I hear a twig snap behind me.
“You’re late,” a voice says.
I turn to see three people standing there. They are barely visible amidst the trees and prairie grasses. There is a tall, stringy-haired woman in an army coat, grey hoodie, and yoga pants. Beside her stands a shorter man in overalls, his thick chest hair poking out from the top of his shirt. Another man – a boy, really – stands sheepishly behind them, his blond hair bouncing in the breeze.
Had I met these people before? I really couldn’t remember. I smile as if I knew them. No one smiles back. Are they mad at me?
The door to Hell starts to fill with smoke. I smell meat and char. My eyes water.
Lincoln leaves me alone with the three strangers, who must be friends of his. They all carry small, sharp pocket knives. I remember I used to have a knife like that. Nice knife, too. One of my kids probably took it when I moved into the smaller house in town. They took everything from me.
“They’ll let us back if we do this,” the hairy man says. “Right? They’ll let us go back down.”
“I can’t stay up here,” the blonde said. “It’s awful. I feel so . . . I feel so wrong.”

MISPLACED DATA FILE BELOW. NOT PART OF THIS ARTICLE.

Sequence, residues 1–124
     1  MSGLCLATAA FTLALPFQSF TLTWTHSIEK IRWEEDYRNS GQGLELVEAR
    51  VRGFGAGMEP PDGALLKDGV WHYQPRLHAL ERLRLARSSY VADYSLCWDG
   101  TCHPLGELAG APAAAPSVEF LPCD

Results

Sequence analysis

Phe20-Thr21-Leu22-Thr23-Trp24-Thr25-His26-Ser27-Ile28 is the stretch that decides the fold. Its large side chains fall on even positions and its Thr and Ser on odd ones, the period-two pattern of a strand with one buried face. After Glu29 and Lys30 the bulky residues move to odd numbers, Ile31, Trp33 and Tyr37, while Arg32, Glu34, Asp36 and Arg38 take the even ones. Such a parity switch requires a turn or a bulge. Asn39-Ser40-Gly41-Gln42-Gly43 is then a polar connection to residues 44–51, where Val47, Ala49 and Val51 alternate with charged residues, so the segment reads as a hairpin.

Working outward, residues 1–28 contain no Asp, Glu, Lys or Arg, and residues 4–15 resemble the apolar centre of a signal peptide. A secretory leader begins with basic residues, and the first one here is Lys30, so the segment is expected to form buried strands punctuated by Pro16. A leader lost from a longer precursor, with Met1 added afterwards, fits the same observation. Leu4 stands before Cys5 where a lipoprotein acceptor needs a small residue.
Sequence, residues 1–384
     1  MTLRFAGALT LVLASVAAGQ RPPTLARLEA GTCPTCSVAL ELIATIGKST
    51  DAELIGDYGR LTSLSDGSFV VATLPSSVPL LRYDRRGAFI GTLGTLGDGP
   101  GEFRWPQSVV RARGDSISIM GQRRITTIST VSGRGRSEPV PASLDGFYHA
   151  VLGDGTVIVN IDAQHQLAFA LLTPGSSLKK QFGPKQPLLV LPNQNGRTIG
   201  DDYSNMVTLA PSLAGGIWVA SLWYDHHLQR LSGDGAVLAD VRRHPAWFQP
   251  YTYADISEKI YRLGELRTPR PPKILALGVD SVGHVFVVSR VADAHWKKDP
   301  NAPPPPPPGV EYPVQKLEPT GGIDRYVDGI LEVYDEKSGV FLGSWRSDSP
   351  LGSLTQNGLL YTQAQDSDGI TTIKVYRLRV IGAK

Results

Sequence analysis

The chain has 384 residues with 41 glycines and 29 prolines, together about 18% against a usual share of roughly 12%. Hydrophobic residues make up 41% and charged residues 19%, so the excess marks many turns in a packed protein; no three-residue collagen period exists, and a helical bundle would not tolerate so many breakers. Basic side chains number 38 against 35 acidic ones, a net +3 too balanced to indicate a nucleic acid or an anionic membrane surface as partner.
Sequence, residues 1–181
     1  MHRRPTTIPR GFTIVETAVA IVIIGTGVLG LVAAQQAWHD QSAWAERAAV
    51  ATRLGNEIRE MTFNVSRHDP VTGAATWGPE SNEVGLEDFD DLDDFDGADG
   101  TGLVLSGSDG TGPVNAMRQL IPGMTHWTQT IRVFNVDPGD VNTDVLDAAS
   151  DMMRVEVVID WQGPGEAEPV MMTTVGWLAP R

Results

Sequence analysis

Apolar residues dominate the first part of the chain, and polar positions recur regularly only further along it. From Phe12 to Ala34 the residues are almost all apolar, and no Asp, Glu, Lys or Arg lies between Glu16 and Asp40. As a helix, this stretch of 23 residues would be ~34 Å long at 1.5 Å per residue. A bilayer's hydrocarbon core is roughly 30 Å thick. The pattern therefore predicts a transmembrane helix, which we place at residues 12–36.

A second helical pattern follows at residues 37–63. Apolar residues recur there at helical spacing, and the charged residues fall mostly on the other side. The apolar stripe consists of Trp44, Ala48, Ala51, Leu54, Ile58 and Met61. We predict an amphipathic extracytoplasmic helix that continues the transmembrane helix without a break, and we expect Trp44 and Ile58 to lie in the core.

“Do it slow,” Lincoln says. Is he crying? He always was kind of a cry-baby, but I can’t figure out why he would cry in front of his friends like this. “They told me they’d let some of us back in when some more room opened up. But we’d have to earn it.”
“How are you going to get back in?” the blonde asks.
The tall woman wipes snot from her nose.
“Betrayal,” Lincoln says. He is crying. “Of someone I love, who is very vulnerable.”
Lincoln ducks his head and walks into the mouth of Hell. Steam hisses as he crosses over the threshold. I hear him scream.
The three strangers step closer to me. Their knives are open and pointed toward my chest. I must know them from when Lincoln was younger.
“Did I ever tell you about the time Lincoln drank too much soda pop when we were on vacation?” I ask them. It’s a funny story. I laugh every time I tell it.